The first and most obvious advantage of the X-Card is that it makes gaming more accessible to people who would otherwise be driven away from the hobby due to fear of suffering (or re-experiencing) some sort of mental trauma. For example, I know an individual who is triggered by yelling. Although it seems like such a minor thing, I witnessed an occasion on which this person spent an entire evening feeling miserable and uncomfortable as a result of a brief outburst by someone else.
Why would we allow anyone to feel such unpleasantness in a hobby that is supposed to bring people joy?
By presenting a simple, easy, and effective way to communicate our boundaries, we ensure that everyone at the table is able to have a good time.
Criticism of the X-Card
There have been many people who are opposed to the use of the X-Card (or other similar techniques). Some people say that using such items will limit the creativity of the GM, or cause players to feel restricted in the actions they can take. But in practise, this method allows both players and GMs to feel free to explore the limits of their creativity without having to worry if their actions will upset anyone at their table. Knowing that there is a failsafe to prevent anyone from getting upset allows people to push the boundaries of what's possible.
There are also those who feel that accommodating people's triggers is an indication of how society has become 'too sensitive.' Such individuals often invoke 'the good old days,' when people were tougher. 'Back in my day,' the common refrain goes, 'people weren't so afraid of every little thing!'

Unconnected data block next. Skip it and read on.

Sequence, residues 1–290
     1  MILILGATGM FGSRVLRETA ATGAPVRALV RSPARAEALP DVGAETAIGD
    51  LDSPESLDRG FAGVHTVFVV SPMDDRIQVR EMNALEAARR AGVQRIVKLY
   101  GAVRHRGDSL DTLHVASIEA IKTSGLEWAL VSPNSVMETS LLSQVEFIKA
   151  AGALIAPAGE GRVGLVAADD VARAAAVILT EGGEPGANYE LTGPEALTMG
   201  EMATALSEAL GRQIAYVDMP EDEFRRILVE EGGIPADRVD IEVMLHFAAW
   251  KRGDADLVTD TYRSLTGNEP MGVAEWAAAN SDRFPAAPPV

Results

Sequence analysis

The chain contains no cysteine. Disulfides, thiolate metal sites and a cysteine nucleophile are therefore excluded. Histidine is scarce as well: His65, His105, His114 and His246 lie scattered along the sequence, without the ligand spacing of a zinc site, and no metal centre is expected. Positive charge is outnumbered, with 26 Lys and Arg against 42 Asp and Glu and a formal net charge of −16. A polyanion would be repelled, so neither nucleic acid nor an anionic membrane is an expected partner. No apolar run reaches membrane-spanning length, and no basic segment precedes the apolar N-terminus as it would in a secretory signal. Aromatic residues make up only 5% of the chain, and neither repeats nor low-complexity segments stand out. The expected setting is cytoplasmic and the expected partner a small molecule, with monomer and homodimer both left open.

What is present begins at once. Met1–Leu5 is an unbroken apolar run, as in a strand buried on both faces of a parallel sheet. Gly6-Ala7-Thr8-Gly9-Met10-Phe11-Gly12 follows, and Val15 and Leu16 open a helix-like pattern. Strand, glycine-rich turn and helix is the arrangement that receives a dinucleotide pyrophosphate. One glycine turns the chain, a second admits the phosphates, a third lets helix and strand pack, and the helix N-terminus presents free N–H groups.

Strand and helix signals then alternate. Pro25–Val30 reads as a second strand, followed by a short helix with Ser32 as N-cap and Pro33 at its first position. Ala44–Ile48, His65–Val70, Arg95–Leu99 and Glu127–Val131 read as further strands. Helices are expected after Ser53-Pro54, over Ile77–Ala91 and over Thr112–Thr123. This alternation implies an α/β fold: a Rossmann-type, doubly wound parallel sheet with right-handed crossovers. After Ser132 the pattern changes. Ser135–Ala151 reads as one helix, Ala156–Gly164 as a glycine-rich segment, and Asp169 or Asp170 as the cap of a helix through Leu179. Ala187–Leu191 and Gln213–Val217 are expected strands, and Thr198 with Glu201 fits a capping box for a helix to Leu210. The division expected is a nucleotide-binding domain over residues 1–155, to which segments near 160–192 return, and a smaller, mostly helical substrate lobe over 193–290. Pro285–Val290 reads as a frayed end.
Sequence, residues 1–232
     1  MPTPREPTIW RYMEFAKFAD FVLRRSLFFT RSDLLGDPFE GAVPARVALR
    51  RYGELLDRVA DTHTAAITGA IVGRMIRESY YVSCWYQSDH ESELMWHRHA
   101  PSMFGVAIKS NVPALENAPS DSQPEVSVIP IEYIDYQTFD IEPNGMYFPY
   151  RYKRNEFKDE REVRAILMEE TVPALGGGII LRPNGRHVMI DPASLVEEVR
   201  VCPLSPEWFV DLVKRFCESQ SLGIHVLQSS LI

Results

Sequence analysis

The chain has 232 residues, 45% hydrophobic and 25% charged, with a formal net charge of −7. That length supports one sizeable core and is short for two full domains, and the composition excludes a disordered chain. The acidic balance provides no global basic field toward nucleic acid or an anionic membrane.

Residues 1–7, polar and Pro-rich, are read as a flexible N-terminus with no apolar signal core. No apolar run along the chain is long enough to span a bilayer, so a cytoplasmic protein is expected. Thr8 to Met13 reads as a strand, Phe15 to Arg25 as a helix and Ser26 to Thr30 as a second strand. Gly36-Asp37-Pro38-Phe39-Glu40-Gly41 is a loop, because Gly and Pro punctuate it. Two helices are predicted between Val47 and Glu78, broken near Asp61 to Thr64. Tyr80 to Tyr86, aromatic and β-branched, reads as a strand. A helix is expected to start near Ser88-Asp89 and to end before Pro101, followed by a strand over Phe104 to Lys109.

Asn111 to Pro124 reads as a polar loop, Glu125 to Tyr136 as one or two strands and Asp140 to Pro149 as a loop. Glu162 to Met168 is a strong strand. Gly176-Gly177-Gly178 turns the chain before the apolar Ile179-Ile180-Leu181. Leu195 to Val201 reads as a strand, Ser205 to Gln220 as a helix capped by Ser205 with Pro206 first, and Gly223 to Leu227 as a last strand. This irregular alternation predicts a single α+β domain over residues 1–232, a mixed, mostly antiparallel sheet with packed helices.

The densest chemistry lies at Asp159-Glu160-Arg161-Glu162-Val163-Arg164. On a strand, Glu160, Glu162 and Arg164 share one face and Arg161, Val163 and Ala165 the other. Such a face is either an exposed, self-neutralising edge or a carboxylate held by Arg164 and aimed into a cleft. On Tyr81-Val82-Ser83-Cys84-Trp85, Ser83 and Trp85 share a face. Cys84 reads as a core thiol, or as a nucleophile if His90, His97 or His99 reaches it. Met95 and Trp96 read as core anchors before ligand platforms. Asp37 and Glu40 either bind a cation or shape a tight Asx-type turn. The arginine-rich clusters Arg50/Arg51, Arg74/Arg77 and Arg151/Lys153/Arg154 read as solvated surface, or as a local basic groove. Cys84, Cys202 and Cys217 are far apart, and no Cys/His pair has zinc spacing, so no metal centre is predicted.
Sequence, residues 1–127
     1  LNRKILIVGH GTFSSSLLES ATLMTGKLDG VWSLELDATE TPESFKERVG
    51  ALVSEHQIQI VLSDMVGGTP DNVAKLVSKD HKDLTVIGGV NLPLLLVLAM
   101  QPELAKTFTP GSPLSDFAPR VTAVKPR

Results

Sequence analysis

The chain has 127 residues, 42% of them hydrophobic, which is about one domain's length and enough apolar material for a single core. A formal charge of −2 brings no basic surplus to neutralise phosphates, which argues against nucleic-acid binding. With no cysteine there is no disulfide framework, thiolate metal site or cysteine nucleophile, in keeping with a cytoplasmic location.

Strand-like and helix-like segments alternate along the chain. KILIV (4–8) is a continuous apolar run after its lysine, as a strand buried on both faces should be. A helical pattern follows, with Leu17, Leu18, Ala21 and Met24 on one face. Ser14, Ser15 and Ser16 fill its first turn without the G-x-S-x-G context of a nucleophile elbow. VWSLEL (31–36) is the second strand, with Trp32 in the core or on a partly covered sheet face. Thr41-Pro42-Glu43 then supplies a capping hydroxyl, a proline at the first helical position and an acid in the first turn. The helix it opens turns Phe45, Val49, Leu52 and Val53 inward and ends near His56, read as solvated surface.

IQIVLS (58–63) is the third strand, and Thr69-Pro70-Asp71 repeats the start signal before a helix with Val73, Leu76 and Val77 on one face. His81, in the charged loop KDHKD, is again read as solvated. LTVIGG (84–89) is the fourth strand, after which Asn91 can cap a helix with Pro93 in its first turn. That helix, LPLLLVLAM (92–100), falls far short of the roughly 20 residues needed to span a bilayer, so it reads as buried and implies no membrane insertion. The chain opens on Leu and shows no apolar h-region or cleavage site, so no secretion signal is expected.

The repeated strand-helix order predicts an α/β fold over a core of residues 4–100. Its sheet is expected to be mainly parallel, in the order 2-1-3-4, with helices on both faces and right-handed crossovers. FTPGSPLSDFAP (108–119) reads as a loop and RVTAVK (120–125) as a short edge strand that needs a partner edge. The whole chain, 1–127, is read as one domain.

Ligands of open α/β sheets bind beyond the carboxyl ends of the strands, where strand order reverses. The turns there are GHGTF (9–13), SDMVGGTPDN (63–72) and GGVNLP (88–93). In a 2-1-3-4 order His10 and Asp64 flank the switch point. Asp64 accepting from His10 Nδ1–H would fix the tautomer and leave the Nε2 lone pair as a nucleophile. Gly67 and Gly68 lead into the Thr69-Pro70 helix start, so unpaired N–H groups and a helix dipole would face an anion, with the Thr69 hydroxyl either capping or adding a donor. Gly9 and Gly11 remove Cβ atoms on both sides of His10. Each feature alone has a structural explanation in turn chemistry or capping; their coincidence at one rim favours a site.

But what's actually true is that we, as a society, were less aware of legitimate psychological issues suffered by many people. There were plenty of people 'back in the good old days' who often suffered endless mental anguish as a result of real problems, but were not properly cared for.
When you stop to think about it, those who invoke such arguments (Why can't they just toughen up? Back in my day, topics like this didn't bother anyone!) are really saying, 'I want to explore this topic, and I don't care if it upsets anyone else.' Such people are only showing themselves to be callous jerks. In my opinion, if anyone refuses to use or abide by the stipulations of the X-Card, you should not play games with that person.
I was very excited to discover this amazing new tool. In fact, just recently, I found myself accidentally upsetting one of the players in my game by discussing a topic that the player found bothersome. I was completely unaware that there was anything going on, until another player pointed out the distress that the first player was experiencing. I felt terrible for not noticing the discomfort I had inadvertently caused. If we had had the X-Card at that time, perhaps this situation could have been avoided.
I know I will be using the X-Card in the future. I hope that you do too! But even if you don't, hopefully I've at least given you something to think about. So ponder this issue, and remember to play more games. And in case you've forgotten, allow me to give you your weekly reminder to